Not long ago, some of the loudest political voices railing against the danger of farming Atlantic salmon in the waters of Puget Sound came from within chambers of county governments. Back in 2012, leaders of Island, Whatcom, Jefferson, Skagit and San Juan counties — Democrat and Republican — called for a moratorium on such fish farm operations. They also sought authority to include a ban on them in their respective shoreline management plans. They reached out to executives in state agencies as well as former Gov. Chris Gregoire and, later, Gov. Jay Inslee. They lobbied lawmakers and sought backing of tribes in their quest. “While Washington state missteps with outdated science, local governments desiring to recognize modern science, job, and environmental and public threats, ask that they be permitted to ban these open finfish feedlots before they destroy the native species, their habitats, and the jobs we have worked so diligently to protect,” former Island County Commissioner Angie Homola wrote in a six-page issue paper delivered to Inslee in August 2014. Jerry Cornfield reports. (Everett Herald)

http://www.heraldnet.com/news/5-counties-warned-state-about-salmon-farming-back-in-2012/

Norwegian company to build large, land-based salmon farm in Belfast Maine – Republican Journal

News from Maine, shows that fish farming corporations have finally come to grips with the fact that it’s net pen aquaculture doesn’t work, and are moving to build upland facilities that are financially viable. We hope that the Tribes here in Puget Sound, who are holding off support for banning net pens, can use this information to press State Senators Ranker and Van de Wege to add funding for a couple of experimental sites to prove the viability here in Puget Sound. The use of our waters for ‘feed lot’ kind of fish farming, pouring vast arrays of chemicals and fish food must end. We know that the Tribes ‘do the right thing’ as it comes to aquaculture and we hope that they can exert pressure to help them get from this dying technology of net pens, to a new way forward with upland containment.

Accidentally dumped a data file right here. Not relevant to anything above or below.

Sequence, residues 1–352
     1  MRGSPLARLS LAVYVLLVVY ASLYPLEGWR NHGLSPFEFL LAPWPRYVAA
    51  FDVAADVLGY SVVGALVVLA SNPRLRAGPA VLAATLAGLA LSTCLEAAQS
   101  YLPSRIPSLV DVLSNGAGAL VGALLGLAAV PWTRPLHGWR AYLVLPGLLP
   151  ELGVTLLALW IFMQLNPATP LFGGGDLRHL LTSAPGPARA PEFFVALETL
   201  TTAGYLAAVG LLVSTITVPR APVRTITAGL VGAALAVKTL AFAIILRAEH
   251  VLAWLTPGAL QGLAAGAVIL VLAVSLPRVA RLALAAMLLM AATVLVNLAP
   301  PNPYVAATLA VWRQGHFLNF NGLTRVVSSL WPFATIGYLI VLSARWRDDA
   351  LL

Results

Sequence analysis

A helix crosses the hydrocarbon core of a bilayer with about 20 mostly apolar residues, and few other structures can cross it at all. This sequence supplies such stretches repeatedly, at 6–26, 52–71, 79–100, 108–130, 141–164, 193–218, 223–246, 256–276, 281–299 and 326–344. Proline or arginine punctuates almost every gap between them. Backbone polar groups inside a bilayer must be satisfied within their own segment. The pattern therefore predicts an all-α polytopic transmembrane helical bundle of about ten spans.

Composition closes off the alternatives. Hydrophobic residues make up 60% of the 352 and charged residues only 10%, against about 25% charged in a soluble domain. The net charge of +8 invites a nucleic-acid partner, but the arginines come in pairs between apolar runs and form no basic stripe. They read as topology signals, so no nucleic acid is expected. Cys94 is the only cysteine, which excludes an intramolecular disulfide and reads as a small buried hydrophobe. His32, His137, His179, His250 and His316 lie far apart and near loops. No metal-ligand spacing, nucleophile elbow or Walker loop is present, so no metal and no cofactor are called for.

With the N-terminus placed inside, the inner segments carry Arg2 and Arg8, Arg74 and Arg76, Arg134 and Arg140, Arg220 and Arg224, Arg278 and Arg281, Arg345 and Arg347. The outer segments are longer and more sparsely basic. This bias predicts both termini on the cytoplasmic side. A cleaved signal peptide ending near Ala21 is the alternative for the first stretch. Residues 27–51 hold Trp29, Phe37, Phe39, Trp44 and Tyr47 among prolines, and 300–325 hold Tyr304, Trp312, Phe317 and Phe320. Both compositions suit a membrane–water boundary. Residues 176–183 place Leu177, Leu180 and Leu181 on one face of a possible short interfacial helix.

A Norwegian company plans to build one of the world’s largest land-based salmon farms in Belfast, a project that would create 60 jobs within two years and up to 140 once it is completed, according to the company’s chief executive officer.

https://www.pressherald.com/2018/01/30/norwegian-company-to-build-large-land-based-salmon-farm-in-belfast/

Support for Atlantic Salmon Ban bill in WA Legislature needed now!

We have a historic opportunity to call for a ban for farmed Atlantic salmon that are in net pens in our waters. Tomorrow  1/31/18, there are hearings on two salmon bills in House Ag and Natural Resources:

HB 2957 sponsored by Lytton and Chapman phases out leases and permits for Atlantic salmon net pens only) no renewals or new ones granted.  Tribes support this.  This is the  best bill we are likely to get this session.  It eliminates study requirements. The other bill,

HB 2956 sponsored by Blake,  is a proposal for only FEMALE Atlantic salmon  to be grown.  This of course does not address the antibiotics, disease threats and fecal and food decay pollution issue.
While we are not getting rid of net pens themselves in these bills, starting with Atlantic Salmon in this shortened session is wise. The Tribes are for this, momentum is with us now.We need to do more education of the problems with net pens in general, and see what can be done to address tribal concerns about an outright ban on net pens.
A possible future could be to help fund more experimentation with commercially viable upland tank farming. A similar bill like that was done a decade ago, sponsored by then Representative Kevin Van de Wege to launch hog fuel plants in Port Angeles, Port Townsend and a few other limited sites. While it proved not economically viable, the successful legislation  showed a method  that could be updated and reused to help tribes and others explore some real choices other than net pens. Exploring the work of Atlantic Sapphire out of Miami could be part of this effort.
People can use this link https://app.leg.wa.gov/pbc/bill//2957 to comment in favor of the Lytton/Chapman bill.  Your support is needed now!  The Senate Bill is already out of committee and may be the ultimate vehicle, but  we need to keep the pressure on.

State investigation finds Cooke’s negligence was primary cause of Atlantic salmon net pen collapse

NEWS RELEASE

Washington Department of Natural Resources -Washington Department of Ecology -Washington Department of Fish and Wildlife